Raven Bluff's unique location next to the river and perpendicular to prevailing summer winds resulted in artifacts being quickly buried in thick layers of soil. The researchers hoped to find fluted projectile points – tools like knives and arrowheads, which would provide insight about the earliest peoples to the Americas. Fossilized plants and bits of bone could help constrain the age of the tools as well as provide some insight about what these people ate.
Horeis spent a couple of days watching and learning from his team, washing and sorting (stone or bone) artifacts. After that, Horeis was rewarded with his own meter square pit – Test Unit #8.
First order of business – remove the turf and waste fill from last year’s survey pits. Next, he carefully scraped away layers of soil, centimeters at a time, using a trowel or hand broom. If he found something right away, he was to sort it.
The remaining soil Horeis shook through a screen and carefully combed over what was left. His best day of field archaeology was the day he found two microblades, tiny chert precision-cutting tools.
“I was giddy to be the first one to touch this ancient tool [for] very first time in 11,000 years!” Horeis effuses, “These were the ancestors of all Native Americans!”
During two weeks in the field Horeis experienced fog, rain, drizzle, and mosquitoes, managed to fit in a few hikes across the tussocks, surveyed for more sites from a helicopter, and hosted two Kivalina high school students, Tia Adams and Jackie Norton, who came out to help with the dig. The trip ended with a radio interview back in Kotzebue before the long flight back to Denver.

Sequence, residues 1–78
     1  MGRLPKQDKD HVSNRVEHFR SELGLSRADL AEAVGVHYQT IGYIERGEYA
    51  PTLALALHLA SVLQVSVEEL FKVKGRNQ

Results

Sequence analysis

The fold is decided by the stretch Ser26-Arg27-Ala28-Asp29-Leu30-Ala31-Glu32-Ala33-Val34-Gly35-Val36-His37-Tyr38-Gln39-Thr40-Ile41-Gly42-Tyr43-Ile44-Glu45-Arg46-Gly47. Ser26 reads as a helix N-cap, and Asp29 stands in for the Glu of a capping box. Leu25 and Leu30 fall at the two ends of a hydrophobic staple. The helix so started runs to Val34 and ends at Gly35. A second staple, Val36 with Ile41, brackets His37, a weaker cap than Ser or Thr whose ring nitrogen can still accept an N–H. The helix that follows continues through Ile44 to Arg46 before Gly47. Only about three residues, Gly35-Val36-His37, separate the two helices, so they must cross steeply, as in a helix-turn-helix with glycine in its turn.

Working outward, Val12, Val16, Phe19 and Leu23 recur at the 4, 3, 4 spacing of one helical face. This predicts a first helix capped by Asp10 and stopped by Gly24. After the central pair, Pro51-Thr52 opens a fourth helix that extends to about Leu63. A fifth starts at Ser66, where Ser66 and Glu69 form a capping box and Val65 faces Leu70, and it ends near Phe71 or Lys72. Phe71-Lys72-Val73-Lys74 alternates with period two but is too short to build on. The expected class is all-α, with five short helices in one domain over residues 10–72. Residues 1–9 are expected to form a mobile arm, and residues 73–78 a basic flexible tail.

Now that school has started, Horeis is eager to share his experience with students. He’s having them excavate again, but this time, Horeis says, it’s a lot more realistic.
He’s assigned four students to each field crew. Each crew measures a one meter unit and then divides it into quadrants so that students have their own area in the excavation pit.
Horeis’ objective, he says, is to “pass on my enthusiasm for archaeology. This is the ultimate detective story. I tell them that archaeology is like puzzle pieces scattered around. We have to find the pieces and put them back together. There is excitement in the mystery and in developing hypotheses. And, of course, the dig is really fun.”
Karl Horeis’ next big adventure: being a dad. He and wife, Kitty, welcomed bouncing baby boy, Holt, in March. So, everyone is happy he’s back from the tundra. —Marcy Davis